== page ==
Two of the cruelest words in sports are "nice try."
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So, regardless of everything else the 1969 Mets accomplished, what really etched them in the granite of history was the World Series victory.
"There are a lot of teams in all sports who have come from nowhere to somewhere, but a lot of them haven't closed the deal," Bud Harrelson said. "We closed the deal."
Gil Hodges Jr., the late manager's son, recalls sitting in the visiting manager's office before Game 1 in Baltimore, perusing the statistics for the Mets and Orioles. The younger Hodges, then 19, pointed out that the Orioles' top four starting pitchers combined for 73 wins, that their lineup was loaded with stars. He asked his dad how the Mets could possibly win.
"He closed the door to his office, came back, sat down and looked me straight in the face - I'll never forget it - and said to me, 'Son, I've got 25 men outside who think they can win, and that's all that matters,' " the younger Hodges said.
But only hours later, even they weren't so sure. The ace pitcher, Tom Seaver, gave up a home run on his second pitch, and the Mets lost. Seaver said he needed reassurance from veteran teammate Donn Clendenon, who told him, "We're going to beat these guys."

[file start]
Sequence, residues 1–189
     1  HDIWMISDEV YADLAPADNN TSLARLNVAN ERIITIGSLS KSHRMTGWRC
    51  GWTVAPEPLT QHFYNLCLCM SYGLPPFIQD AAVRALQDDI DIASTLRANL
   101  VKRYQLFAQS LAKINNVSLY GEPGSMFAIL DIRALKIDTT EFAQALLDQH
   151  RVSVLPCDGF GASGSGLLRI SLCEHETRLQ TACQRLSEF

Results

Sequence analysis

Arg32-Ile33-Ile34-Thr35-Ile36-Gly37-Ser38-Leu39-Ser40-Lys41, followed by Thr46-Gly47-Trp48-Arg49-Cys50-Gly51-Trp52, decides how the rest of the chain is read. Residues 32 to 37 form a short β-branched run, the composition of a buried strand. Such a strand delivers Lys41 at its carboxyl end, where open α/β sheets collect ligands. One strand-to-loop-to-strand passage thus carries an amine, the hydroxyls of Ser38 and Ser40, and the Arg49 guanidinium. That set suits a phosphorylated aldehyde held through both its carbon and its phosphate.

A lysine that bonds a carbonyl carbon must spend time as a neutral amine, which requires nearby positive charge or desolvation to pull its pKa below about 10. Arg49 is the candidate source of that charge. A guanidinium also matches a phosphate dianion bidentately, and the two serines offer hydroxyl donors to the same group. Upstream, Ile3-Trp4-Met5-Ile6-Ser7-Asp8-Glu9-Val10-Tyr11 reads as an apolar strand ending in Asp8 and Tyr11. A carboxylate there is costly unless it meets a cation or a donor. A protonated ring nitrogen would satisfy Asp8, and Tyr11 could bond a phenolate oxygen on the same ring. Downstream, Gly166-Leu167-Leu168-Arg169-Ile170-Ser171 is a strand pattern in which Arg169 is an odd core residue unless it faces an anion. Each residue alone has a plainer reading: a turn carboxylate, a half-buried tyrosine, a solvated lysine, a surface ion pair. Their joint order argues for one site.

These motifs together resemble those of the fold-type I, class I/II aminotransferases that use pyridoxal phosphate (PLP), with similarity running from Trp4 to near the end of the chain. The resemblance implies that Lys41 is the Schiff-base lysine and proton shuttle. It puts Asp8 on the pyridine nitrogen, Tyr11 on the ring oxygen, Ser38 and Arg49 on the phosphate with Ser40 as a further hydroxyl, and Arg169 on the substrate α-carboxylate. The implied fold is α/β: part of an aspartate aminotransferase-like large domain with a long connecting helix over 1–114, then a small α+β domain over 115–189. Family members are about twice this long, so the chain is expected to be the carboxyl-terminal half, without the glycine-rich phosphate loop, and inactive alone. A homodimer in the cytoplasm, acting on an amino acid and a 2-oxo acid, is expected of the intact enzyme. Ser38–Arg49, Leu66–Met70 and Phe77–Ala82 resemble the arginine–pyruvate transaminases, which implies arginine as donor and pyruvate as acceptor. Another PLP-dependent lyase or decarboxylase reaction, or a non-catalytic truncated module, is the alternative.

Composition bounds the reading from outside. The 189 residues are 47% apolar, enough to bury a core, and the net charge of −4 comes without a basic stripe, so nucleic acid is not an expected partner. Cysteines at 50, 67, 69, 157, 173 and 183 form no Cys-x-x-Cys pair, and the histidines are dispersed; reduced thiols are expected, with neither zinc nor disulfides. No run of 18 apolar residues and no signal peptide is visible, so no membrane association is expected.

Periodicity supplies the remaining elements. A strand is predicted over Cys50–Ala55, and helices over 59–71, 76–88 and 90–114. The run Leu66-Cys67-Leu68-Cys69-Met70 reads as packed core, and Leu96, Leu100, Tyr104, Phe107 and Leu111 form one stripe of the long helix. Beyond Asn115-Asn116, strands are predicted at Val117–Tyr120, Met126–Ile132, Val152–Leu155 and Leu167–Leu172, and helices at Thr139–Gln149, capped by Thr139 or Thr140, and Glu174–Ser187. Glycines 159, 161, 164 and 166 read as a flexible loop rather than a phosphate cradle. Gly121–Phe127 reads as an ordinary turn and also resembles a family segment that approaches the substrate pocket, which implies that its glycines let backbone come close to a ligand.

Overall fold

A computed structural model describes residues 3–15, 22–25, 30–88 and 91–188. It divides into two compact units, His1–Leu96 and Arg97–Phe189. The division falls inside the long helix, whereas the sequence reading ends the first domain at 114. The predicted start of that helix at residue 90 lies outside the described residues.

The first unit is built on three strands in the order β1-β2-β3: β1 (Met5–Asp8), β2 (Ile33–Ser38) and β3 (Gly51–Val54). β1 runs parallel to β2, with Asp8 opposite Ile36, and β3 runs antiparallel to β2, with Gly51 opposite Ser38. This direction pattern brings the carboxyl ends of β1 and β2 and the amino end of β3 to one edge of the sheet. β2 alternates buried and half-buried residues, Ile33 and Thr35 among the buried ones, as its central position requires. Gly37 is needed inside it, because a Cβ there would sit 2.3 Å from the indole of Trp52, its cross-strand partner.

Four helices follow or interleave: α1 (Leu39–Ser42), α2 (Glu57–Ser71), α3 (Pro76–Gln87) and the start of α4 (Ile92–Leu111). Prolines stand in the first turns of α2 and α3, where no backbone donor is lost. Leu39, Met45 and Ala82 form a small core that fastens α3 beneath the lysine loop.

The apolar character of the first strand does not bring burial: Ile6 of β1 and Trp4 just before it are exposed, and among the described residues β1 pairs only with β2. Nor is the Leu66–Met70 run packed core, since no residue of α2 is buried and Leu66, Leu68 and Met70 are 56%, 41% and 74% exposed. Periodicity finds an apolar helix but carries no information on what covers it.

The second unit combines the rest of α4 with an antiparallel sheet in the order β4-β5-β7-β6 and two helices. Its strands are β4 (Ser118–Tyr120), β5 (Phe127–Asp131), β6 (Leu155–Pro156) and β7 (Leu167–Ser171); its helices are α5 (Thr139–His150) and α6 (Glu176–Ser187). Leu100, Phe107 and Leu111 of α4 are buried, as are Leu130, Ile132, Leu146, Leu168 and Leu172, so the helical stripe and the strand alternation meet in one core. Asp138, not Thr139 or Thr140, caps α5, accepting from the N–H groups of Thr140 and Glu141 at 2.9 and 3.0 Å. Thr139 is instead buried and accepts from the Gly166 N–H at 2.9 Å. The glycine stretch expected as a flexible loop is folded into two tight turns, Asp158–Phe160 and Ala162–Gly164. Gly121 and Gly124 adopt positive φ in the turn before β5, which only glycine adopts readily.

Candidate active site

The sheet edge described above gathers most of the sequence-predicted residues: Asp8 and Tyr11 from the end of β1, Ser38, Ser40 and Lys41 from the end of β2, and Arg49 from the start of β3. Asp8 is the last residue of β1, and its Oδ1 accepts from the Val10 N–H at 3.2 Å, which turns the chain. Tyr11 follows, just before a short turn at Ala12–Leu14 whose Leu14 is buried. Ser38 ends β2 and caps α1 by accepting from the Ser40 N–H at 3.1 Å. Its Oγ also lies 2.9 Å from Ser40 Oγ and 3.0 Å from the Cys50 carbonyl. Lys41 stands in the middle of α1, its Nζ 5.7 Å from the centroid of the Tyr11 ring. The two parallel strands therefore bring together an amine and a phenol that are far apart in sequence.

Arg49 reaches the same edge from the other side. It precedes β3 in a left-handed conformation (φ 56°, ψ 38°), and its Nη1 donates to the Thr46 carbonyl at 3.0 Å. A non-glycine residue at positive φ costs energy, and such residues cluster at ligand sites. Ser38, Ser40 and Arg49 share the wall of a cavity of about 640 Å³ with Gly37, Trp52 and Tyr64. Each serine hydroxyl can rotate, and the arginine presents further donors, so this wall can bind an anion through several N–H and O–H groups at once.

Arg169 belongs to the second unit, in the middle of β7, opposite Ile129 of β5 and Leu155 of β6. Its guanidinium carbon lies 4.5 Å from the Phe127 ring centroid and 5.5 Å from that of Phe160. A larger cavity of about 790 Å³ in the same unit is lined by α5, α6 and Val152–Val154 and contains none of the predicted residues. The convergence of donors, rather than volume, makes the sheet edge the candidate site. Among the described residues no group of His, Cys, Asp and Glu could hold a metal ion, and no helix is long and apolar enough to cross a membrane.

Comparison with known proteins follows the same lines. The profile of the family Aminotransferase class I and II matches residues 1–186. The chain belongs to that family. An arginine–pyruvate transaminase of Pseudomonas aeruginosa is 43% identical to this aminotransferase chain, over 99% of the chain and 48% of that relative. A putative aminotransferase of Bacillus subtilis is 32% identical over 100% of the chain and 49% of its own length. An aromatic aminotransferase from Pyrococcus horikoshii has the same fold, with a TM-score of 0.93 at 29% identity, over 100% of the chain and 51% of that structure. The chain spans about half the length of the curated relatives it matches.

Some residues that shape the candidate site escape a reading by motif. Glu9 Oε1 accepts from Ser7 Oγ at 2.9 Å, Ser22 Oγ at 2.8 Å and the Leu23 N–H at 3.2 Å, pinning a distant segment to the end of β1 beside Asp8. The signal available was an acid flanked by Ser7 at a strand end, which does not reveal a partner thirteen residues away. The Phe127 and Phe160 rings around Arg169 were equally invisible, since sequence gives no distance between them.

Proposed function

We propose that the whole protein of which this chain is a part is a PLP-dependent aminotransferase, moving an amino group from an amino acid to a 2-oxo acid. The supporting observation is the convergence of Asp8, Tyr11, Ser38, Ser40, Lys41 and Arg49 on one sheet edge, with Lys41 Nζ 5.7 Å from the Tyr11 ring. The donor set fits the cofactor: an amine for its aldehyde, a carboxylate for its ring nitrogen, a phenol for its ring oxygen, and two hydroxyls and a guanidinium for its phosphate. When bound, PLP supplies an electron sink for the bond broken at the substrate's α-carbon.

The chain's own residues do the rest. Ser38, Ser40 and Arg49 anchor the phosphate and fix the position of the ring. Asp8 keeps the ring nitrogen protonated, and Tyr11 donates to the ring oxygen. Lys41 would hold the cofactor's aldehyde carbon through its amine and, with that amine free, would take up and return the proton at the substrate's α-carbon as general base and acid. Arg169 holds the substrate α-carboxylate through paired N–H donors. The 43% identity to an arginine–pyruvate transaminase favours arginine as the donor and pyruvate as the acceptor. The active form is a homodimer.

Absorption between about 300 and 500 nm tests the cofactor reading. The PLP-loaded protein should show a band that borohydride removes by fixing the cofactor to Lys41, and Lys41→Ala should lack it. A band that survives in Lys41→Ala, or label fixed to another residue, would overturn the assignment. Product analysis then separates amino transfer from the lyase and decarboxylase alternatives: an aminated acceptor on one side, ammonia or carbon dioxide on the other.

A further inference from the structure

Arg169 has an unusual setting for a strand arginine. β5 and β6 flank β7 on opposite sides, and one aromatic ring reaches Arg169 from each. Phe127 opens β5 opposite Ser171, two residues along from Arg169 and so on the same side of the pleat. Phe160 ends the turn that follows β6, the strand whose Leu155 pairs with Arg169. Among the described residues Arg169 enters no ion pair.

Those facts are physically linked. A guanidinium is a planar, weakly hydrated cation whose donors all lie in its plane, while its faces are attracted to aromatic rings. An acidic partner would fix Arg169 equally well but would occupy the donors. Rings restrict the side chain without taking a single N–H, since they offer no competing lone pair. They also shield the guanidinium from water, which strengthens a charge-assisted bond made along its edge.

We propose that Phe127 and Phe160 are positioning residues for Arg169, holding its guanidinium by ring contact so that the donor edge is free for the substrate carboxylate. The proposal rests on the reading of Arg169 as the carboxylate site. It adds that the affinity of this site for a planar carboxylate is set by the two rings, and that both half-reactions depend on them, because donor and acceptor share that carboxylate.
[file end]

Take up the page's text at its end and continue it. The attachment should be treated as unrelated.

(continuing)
Seaver pitched splendidly in Game 4, and Clendenon hit a home run, but both were upstaged by Ron Swoboda, a defensively middling rightfielder. He made one of the most famous catches in World Series history - a diving, sprawling backhanded snare that turned Brooks Robinson's potential two-run triple into a sacrifice fly.
"I always tell Brooks thanks for not hitting it right at me. He gave me a highlight," said Swoboda, whose silhouette depicting that catch is on the rightfield gate at the new Citi Field. The Mets won Game 4 in the 10th inning when Baltimore pitcher Pete Richert fielded J.C. Martin's bunt and threw toward first, only to have the ball carom off the back of Martin, who might have been running illegally inside the basepath. Nothing was called, and, with the ball loose, pinch runner Rod Gaspar raced home.
In Game 5, plate umpire Lou DiMuro believed Hodges' claim that Cleon Jones had been hit by a pitch in the foot. Clendenon followed with a home run. Al Weis, a light-hitting infielder who hadn't homered at Shea all season, hit a home run in the seventh inning, and the Mets were on their way to immortality.
Mets fan Karl Ehrhardt, the "Sign Man," a commercial artist who sat in the third base stands and held up placards befitting the occasion, unfurled his quintessential sign: "There Are No Words."